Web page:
Federal Communications Commission (FCC) Chairwoman Jessica Rosenworcel warned in a Jan. 17 speech that the deployment of fifth-generation (5G) wireless communications networks involves big security and privacy challenges.

“5G connectivity can lay down a foundation for digital transformation around the globe. We are fast heading to a world where next-generation wireless networks connect everyone and everything around us, they will open up possibilities for communications that we can’t even fully imagine,” Rosenworcel said during her keynote at a Center for Strategic and International Studies event.

“But networks connecting so much more in our lives will mean a broader attack surface for cyber events,” she said.

Rosenworcel also explained that the slew of advantages that will come from 5G technology reveal broader geopolitical challenges.

“The United States and authoritarian regimes have different views on how to use 5G technology,” she said, emphasizing that “the vision that succeeds in a global forum … will inform how networks are deployed and evolve around the world.”

Considering these challenges, the FCC has initiated a series of actions to meet this security imperative, including:

  • Improving coordination with other agencies on critical infrastructure security and updating an FCC-State Department process to approve licenses for undersea cables;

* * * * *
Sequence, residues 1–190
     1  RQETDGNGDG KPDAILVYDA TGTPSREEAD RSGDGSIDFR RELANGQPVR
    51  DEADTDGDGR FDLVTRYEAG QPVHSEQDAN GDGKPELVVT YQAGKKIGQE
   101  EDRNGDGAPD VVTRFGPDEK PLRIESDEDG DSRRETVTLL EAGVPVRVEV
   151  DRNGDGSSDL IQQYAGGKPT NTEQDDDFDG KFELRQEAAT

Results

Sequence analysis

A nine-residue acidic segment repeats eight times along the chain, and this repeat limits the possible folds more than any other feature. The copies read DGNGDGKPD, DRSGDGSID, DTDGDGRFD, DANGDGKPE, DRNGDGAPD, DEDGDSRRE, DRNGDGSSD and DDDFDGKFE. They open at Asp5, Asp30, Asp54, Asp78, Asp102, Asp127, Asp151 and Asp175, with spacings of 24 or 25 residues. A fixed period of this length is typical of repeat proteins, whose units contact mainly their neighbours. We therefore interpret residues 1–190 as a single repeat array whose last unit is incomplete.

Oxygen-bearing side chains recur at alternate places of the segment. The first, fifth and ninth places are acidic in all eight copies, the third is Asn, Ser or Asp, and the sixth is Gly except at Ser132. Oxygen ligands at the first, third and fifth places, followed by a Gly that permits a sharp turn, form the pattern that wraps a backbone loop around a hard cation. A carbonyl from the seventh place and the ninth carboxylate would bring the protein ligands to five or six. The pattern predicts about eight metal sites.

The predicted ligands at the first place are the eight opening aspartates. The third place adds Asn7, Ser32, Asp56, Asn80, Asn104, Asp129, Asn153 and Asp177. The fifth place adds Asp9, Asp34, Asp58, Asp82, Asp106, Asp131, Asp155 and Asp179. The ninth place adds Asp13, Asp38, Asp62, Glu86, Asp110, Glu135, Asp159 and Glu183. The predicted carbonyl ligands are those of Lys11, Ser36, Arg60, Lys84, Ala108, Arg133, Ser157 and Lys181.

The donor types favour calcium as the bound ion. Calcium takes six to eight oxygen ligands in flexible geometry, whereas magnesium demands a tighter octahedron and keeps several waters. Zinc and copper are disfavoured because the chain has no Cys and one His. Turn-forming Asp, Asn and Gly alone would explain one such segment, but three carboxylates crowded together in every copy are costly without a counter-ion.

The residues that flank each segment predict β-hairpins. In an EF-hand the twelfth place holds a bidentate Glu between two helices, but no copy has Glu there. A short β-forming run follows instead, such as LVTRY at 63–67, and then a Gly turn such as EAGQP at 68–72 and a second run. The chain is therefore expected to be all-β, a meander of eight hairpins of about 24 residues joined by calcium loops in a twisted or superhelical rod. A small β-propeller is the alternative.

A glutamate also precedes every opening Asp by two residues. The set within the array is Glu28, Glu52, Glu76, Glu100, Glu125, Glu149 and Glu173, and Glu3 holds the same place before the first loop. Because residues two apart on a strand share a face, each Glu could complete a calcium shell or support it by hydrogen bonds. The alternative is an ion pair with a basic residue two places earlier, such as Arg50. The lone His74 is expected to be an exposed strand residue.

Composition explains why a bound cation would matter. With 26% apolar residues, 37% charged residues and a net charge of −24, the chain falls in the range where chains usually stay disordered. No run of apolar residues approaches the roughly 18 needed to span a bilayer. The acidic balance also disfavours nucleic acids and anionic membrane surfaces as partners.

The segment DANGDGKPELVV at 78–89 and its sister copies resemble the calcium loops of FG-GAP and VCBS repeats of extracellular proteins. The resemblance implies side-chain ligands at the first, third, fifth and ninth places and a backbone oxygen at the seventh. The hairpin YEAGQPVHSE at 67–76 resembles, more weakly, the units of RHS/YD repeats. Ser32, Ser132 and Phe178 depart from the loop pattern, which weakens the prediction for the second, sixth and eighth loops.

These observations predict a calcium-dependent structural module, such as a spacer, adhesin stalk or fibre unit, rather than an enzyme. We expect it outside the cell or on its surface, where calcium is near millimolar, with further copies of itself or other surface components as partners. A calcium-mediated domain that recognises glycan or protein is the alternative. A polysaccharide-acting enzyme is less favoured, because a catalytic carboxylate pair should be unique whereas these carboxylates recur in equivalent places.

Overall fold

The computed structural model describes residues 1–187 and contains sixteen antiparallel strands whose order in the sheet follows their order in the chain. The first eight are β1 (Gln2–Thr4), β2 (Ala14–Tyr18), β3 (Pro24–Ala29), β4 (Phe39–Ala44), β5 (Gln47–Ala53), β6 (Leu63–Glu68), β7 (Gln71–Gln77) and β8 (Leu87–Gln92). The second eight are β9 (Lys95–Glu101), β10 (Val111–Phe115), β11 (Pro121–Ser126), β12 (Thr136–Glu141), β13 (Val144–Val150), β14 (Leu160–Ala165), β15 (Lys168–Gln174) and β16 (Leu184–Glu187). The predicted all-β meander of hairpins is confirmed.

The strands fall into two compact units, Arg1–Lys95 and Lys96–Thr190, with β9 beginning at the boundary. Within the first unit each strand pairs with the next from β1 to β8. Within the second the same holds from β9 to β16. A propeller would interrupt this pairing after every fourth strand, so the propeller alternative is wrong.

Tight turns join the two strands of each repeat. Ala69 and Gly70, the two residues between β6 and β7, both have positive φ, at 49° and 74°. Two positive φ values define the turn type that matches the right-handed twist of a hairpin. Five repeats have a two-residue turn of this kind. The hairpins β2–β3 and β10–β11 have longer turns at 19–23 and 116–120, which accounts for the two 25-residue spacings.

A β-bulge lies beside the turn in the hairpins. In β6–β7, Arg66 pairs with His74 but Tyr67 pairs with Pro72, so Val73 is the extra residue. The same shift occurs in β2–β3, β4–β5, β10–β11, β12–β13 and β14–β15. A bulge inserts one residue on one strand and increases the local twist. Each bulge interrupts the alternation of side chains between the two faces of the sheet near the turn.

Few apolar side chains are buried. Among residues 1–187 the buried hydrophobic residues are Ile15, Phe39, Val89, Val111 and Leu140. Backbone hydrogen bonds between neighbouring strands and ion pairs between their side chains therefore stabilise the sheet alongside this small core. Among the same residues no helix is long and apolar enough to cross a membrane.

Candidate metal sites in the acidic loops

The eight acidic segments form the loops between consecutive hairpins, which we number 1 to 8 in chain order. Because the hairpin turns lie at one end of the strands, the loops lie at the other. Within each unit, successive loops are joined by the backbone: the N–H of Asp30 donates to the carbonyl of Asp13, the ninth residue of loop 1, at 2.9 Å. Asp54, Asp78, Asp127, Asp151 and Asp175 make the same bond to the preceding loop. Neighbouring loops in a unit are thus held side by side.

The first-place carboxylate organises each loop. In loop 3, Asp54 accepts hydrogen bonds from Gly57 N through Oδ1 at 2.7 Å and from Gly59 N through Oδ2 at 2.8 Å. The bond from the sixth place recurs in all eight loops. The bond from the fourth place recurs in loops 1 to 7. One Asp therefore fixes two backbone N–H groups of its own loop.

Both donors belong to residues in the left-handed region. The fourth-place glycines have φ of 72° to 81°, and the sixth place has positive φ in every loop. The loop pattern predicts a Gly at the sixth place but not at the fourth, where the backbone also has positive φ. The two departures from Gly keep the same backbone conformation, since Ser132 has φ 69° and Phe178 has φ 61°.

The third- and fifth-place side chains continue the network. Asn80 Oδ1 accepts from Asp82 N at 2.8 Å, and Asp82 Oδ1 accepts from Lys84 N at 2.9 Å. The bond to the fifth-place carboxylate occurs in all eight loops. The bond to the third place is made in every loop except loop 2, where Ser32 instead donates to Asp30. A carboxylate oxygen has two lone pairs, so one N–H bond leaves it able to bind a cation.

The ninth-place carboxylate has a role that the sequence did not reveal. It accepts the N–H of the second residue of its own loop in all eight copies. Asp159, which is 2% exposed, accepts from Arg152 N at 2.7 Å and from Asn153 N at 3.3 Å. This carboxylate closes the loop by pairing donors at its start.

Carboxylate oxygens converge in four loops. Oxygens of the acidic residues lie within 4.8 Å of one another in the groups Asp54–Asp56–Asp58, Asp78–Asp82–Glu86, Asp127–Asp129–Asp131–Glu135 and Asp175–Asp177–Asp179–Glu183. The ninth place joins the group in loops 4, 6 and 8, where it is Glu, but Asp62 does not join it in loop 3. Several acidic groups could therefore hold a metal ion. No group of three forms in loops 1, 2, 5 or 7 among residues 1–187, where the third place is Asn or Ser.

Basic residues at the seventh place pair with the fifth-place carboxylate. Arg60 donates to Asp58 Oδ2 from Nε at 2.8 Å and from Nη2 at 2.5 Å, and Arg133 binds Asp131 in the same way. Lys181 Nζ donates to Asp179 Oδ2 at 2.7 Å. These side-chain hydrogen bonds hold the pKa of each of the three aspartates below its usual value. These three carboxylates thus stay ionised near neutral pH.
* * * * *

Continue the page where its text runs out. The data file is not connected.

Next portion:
• Adding foreign firms such as Huawei, ZTE, China Telecom, Pacific Networks, and Kaspersky Lab to the Covered List created in 2019 to restrict their ability to operate in the U.S. due to national security concerns;
  • Launching a program for U.S. telecom providers to remove and replace network gear purchased from Huawei and ZTE, backed with $1.9 billion in government funding.
  • Supporting the development of open radio access networks to replace those systems, backed with $1.5 billion in funding from the CHIPS and Science Act.
  • Using authority under the Secure Equipment Act of 2021 to ban the import and sale of telecom and video surveillance hardware from Huawei and ZTE, with lesser limits on that gear from three other Chinese firms;
  • Addressing security concerns over the integrity of the Emergency Alert System by imposing new cybersecurity requirements on participants in that system;
  • Updating older rules on data-breach disclosures by telecom carriers and foreign ownership of them.

Rosenworcel explained that much of this work is ongoing, but that some of those actions are massively underfunded. She reiterated past requests for Congress to remedy those budget issues. In addition, Rosenworcel called on Congress to renew the FCC’s authorization to free up and auction off spectrum so carriers can expand 5G service offerings.

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Lisbeth Perez
Lisbeth Perez
Lisbeth Perez is a MeriTalk Staff Reporter covering the intersection of government and technology.